Is the Tatay bracing pattern the most unusual one ?

Construction and repair of Classical Guitar and related instruments
amezcua
Posts: 261
Joined: Tue Oct 04, 2016 9:50 pm

Re: Is the Tatay bracing pattern the most unusual one ?

Post by amezcua » Sat Mar 25, 2017 11:03 pm

The 40,000 figure is on this forum and also on the Spanish version . That seems like an incredible number . The Spanish version had a question about how to get in touch with the company and an answer was " I meet the owner when he comes in. I will ask him about it ". It sounded quite recent . There was a map indicating the street adress but the gingerbread man was placed on the spot and it all went black .
To pin down what I had read yesterday I started another search on this forum branch and there is a lot on Guitarsite. (Tatay Guitars ). Some direct relatives writing and the shop /workshop was in Farmingville Long Island New York . I don`t think there will be any connection in Valencia now. It mentioned a split between the sons and some went off to South America .The New York shop was due to close as the owner was retiring . Plenty to read about there . Best is to hear about very old guitars in very good condition . So if you have some money there is one out there for you .

amezcua
Posts: 261
Joined: Tue Oct 04, 2016 9:50 pm

Re: Is the Tatay bracing pattern the most unusual one ?

Post by amezcua » Fri Oct 06, 2017 10:50 pm

There is a pdf of the Tree Tatay. It`s the family tree showing names and dates and also shows what labels they put in the guitars . Some well known modern name are shown at the end . Prudencio Saez I think is one of them . In the tree there are 18 names .Any videos with Tatay guitars seem to have a similar sound . Words like raw and earthy come to mind. Good words for guitars . I like the low notes .

Alan Carruth
Luthier
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Joined: Mon Dec 24, 2007 6:56 pm

Re: Is the Tatay bracing pattern the most unusual one ?

Post by Alan Carruth » Sun Oct 08, 2017 5:37 pm

Everything seems to work for somebody.

As Michael says, it takes a lot of work to 'perfect' a bracing system. Once you've done that you might just find that it's not as good as the 'traditional' ones, so it's hard to say at the beginning whether the effort would be worth it.

This all gets very complicated. Keep in mind that the 'standard repertoire' was written on 'traditional' instruments, and tends to work well with all of their foibles, both good and bad. A new bracing design is likely to sound different. It's likely to be 'better' in some ways and 'worse' in others, but may not serve existing music as well as the traditional system. Unless the advantages far outweigh the drawbacks in may not catch on, and even if it does it' likely to be controversial.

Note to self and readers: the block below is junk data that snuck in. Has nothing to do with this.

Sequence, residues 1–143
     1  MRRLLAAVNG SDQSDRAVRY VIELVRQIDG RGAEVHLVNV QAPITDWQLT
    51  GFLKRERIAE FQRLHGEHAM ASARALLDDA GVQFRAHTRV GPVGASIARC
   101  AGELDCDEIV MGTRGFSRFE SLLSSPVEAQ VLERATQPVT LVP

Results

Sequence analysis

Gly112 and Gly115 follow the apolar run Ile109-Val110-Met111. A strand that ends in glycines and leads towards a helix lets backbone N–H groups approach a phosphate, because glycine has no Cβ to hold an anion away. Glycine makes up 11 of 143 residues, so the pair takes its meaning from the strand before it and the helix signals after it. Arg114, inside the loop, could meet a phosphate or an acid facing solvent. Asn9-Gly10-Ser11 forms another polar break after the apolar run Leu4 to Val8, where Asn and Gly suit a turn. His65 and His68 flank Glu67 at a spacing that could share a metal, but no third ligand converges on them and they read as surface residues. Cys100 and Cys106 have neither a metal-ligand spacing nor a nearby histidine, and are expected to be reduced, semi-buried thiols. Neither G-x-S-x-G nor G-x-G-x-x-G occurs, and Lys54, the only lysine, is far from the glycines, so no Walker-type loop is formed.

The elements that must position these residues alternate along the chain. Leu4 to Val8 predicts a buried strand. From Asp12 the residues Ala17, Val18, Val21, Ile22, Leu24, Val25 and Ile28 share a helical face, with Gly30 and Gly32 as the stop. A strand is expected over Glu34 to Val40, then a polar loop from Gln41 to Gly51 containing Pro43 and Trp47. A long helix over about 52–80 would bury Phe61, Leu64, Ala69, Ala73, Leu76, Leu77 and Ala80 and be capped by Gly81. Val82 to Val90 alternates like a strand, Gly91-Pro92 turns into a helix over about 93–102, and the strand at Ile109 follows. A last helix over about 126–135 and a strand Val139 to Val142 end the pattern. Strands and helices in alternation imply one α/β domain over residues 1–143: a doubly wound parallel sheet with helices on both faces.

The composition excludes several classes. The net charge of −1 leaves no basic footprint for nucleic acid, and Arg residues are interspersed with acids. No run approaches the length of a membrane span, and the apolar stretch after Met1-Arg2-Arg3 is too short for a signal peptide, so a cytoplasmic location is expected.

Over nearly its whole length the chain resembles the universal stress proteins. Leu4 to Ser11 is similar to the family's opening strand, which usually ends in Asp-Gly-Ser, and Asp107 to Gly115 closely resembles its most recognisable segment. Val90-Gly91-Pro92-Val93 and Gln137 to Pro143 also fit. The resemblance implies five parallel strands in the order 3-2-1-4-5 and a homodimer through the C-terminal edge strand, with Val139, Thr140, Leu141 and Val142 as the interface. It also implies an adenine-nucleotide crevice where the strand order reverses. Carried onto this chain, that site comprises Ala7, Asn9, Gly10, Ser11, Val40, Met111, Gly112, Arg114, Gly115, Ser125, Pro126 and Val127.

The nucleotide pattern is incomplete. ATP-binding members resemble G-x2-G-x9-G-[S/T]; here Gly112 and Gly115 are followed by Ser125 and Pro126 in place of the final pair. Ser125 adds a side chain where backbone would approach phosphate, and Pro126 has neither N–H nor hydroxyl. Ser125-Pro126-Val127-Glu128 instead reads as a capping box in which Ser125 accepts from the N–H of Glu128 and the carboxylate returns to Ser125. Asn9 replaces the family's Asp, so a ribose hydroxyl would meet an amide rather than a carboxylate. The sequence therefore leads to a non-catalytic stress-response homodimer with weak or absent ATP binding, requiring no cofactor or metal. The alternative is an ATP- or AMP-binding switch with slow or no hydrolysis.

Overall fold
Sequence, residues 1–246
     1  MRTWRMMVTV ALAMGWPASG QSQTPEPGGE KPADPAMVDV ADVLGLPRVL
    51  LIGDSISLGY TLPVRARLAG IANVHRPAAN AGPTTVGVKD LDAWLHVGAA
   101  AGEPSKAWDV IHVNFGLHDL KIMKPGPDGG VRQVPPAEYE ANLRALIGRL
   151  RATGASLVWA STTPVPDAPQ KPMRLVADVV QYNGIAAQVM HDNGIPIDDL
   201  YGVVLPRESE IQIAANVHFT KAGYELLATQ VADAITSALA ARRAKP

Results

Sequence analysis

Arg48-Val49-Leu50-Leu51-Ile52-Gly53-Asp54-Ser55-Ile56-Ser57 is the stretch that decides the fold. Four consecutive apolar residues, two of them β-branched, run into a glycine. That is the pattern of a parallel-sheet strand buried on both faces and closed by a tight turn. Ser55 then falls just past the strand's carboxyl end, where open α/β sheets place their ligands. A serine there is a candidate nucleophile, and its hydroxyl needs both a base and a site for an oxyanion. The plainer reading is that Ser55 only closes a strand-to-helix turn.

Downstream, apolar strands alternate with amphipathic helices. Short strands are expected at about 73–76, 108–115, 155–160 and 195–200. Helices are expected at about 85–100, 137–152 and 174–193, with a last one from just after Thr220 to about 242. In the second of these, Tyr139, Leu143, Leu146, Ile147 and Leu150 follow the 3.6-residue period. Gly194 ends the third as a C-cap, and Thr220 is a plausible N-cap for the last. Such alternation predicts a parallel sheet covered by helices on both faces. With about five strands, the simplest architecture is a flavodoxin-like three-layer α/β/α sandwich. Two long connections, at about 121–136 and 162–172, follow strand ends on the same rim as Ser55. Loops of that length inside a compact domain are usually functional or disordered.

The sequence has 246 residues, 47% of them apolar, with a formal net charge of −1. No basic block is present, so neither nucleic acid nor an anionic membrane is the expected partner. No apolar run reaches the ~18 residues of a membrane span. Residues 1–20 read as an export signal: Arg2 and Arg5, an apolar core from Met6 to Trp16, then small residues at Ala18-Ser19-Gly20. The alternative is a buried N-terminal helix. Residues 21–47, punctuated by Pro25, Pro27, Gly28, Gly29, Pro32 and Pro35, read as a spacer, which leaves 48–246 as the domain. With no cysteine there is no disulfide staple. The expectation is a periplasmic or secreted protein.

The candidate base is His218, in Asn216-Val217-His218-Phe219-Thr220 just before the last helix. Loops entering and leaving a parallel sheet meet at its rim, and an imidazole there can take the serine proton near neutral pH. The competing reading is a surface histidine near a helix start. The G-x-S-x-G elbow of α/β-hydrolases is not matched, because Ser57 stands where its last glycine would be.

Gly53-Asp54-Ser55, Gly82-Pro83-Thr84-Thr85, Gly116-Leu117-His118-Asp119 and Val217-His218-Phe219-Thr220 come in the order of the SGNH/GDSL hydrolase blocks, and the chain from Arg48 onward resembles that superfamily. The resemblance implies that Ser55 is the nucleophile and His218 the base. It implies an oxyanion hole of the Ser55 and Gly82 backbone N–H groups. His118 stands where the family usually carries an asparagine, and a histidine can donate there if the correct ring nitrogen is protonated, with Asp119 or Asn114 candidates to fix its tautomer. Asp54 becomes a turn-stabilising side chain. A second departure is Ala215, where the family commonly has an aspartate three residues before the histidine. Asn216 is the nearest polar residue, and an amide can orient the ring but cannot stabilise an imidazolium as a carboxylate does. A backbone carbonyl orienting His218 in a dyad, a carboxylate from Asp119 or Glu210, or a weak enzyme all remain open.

Much recent innovation, such as 'lattice' bracing and 'sandwich' tops, has been directed toward increasing the acoustic power of the guitar. By reducing the mass of the top that the strings have to move they can move more air, and produce more sound. Although many players have embraced these innovations, they have by no means replaced the traditional systems. There are various reasons for this, some having to do with the difference in sound, and some relating to the fundamental limits of the case. Even traditional guitars are relatively efficient, as musical instruments go, and it's hard to make substantial improvements while skirting things like 'wolf' note issues.

So, on the one hand, it's easy to see why many makers will follow the path of least resistance, and go with tradition. OTOH, any maker is also looking for some way to set themselves apart from all the others, and it's difficult to support the claim that you're 'the best' builder of the traditional pattern , particularly if you don't have a Spanish (or German) pedigree. Thus there are good reasons why a maker might want to try something different, and put in the effort to make it work at least reasonably well. Anybody can claim to be the best, but only one can be the first, and if the guitars sound good enough you might well sell enough to keep busy.

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mordent
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Location: North West England.

Re: Is the Tatay bracing pattern the most unusual one ?

Post by mordent » Sat Oct 14, 2017 11:19 am

I have owned 3. Vintage Tatay guitars over the years and all had traditional fan bracing. The last one I had was a 660 scale and only 3. fan braces. It had a particularly fine treble response. .Labelled "Vitato. Vincente Tatay Tomas . Valencia." It was too big for my hands and someone got a really good buy.!
Chopin used to sleep with wooden wedges between his fingers to increase their span--now there's a thought !

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